Reigning WBO super lightweight champion Josh Taylor (19-0, 13 KOs) returns to the ring on June 10 to take on Teofimo Lopez (18-1, 13 KOs). The fight is scheduled to take place at the Hulu Theater in Madison Square Garden in New York City, USA. For both men, it will be their first appearance in the ring this year.
Taylor is making the second defense of his WBO belt, a title he claimed when he defeated Jose Ramirez via unanimous decision to become undisputed champion in 2021. Following one defense of his undisputed status, Taylor vacated or was stripped of his other three titles. He now only lays claim to the WBO belt. In the buildup to his ring return, Big Fight Weekend takes a closer look at Taylor’s career.
Taylor’s first foray into combat sports was not in boxing. In fact, he began with taekwondo and did not begin boxing until he was 15. At the 2010 Commonwealth Games held in New Delhi, India, he competed as a lightweight and won silver. In 2012, Taylor took part in the European Boxing Olympic Qualification Tournament and earned a spot at the London Olympics. Again competing as lightweight, he made it to the round of 16 before losing to the number two seed. In 2014, Taylor once again took part in the Commonwealth Games which was being held in Glasgow, Scotland. This time, he fought at super lightweight and won gold. A year later, he turned over to the professional ranks.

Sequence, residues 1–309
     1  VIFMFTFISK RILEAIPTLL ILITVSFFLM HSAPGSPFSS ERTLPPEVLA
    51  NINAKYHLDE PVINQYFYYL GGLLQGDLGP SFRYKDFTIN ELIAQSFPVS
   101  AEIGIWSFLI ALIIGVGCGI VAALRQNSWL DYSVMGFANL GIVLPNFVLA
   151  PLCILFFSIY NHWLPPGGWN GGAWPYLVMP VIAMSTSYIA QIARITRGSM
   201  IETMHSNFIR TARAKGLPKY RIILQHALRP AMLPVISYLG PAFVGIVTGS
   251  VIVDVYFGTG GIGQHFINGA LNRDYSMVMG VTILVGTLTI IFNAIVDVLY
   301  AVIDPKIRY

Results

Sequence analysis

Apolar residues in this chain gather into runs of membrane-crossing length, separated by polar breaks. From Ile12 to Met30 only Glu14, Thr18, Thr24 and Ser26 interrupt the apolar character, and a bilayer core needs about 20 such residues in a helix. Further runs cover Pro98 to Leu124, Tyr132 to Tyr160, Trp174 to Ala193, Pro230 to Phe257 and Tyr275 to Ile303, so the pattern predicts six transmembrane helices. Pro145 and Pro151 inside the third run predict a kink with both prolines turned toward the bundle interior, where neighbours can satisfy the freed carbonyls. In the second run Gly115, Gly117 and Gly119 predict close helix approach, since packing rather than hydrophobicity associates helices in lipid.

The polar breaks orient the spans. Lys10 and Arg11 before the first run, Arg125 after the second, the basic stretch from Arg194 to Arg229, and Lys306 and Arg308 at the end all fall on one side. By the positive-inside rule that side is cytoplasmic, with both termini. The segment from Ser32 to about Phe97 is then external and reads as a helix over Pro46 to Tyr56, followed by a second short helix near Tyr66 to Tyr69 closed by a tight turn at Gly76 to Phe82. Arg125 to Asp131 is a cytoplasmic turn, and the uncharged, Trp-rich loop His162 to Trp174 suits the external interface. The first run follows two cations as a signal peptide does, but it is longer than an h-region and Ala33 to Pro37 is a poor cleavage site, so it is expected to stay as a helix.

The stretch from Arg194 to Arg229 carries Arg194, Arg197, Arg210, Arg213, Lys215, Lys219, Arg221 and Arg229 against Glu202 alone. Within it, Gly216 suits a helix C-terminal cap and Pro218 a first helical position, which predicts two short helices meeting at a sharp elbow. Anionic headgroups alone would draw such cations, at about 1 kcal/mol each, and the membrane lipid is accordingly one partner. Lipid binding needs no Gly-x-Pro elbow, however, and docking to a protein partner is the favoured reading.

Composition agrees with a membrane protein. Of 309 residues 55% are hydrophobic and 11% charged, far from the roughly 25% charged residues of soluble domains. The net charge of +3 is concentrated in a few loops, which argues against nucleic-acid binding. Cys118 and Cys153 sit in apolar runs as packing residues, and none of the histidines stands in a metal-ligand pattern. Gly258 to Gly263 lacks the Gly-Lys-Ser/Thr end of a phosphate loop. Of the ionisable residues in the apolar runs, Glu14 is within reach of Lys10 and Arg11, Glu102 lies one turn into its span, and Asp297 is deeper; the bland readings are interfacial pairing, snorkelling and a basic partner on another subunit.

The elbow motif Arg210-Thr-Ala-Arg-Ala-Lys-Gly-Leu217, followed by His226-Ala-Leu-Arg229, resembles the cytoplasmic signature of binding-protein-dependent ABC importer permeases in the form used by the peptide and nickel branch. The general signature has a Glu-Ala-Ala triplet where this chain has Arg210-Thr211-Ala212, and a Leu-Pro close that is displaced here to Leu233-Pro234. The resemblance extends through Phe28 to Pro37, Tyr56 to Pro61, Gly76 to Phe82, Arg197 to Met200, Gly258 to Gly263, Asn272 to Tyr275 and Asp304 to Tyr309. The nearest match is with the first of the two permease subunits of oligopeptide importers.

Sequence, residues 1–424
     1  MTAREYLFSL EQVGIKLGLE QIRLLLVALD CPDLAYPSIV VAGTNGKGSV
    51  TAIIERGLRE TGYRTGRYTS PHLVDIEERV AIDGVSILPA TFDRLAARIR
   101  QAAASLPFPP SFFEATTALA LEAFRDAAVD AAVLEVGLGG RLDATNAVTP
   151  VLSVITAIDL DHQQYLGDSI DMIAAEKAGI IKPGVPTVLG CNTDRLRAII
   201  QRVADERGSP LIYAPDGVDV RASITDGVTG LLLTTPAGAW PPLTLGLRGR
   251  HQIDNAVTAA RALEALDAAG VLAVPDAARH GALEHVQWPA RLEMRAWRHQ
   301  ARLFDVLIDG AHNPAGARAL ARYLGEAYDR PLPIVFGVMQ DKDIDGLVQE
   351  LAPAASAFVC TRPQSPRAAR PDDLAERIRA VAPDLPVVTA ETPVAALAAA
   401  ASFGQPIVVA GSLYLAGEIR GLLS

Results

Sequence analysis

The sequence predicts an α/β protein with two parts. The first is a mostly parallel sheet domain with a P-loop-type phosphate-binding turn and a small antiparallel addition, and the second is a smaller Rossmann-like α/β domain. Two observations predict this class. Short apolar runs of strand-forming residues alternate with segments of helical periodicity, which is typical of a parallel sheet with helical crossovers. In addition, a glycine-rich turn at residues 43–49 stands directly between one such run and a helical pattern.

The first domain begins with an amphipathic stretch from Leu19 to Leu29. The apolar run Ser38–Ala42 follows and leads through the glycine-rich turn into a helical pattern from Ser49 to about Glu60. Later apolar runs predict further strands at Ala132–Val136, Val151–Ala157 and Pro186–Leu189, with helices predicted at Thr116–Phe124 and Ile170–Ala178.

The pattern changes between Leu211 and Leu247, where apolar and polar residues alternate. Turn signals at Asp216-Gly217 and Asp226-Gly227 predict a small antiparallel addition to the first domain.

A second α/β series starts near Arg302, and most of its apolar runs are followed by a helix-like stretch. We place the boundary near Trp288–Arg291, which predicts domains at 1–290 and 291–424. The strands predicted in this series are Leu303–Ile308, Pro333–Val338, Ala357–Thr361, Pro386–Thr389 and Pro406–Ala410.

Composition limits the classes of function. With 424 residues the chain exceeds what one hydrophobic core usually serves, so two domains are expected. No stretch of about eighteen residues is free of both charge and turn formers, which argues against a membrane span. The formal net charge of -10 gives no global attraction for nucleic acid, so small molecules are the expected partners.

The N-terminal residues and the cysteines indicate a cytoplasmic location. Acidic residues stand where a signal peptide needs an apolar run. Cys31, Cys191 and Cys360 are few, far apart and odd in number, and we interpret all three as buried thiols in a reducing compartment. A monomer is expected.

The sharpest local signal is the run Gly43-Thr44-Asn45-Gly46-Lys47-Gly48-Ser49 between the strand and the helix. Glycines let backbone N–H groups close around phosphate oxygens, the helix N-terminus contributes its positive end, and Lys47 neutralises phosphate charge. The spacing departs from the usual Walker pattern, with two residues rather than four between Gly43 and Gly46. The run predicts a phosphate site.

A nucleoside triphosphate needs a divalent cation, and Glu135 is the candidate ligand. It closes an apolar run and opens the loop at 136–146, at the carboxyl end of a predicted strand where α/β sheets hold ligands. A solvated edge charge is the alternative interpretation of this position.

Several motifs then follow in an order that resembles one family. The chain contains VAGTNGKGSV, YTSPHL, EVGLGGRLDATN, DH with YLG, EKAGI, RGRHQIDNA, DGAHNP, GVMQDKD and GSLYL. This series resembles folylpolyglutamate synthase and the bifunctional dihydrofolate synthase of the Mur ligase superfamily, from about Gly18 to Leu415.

Early professional career
Taylor made his professional debut on July 18, 2015 in El Paso, USA, where he won via second round stoppage. For the next three years he would work his way up the rankings. Including his professional debut, he fought a total of three times in the USA in the early stages of his career. The remainder of his fights took place in the UK. Among his most prominent wins in this period was a seventh round stoppage victory over Ohara Davies, a ninth round knockout of Miguel Vazquez, and a unanimous decision over Viktor Postol.
WBSS, becoming undisputed, Catterall controversy
In late 2018, Taylor joined the World Boxing Super Series (WBSS). After stopping Ryan Martin in the quarterfinals of the tournament, he won a unanimous decision against Ivan Baranchyk to become a world champion for the first time. In the WBSS finals, he faced current WBC super lightweight champion Regis Prograis. The fight was competitive and despite one judge scoring the bout a draw, Taylor won the tournament and became a unified champion as the other two judges scored it for him.
Following a mandatory defense against Apinun Khongsong, many called for a fight with Ramirez to crown an undisputed champion. Fans got their wish as the two met in May of 2021 in what turned out to be a mostly dominant display for Taylor despite the narrow scorecards. With the win in Las Vegas, USA, Taylor became the second undisputed champion in the four-belt era, following current WBO welterweight champion Terence Crawford.
Between the win over Ramirez and this Saturday’s bout, Taylor has fought only once. In what was expected to be a routine mandatory defense at home, Taylor ended up securing a controversial split decision against Jack Catterall. The bout saw Taylor get dropped and deducted a point in a fight many had Catterall winning.
Taylor vs. Lopez
Taylor now returns to the USA for a fifth time against former unified lightweight champion Lopez. Following his loss to George Kambosos Jr., Lopez moved up to super lightweight and has won two fights. Taylor and Lopez headline a card promoted by Top Rank Boxing that will be broadcast live on ESPN. Will Taylor successfully defend his title, or will the division crown a new king?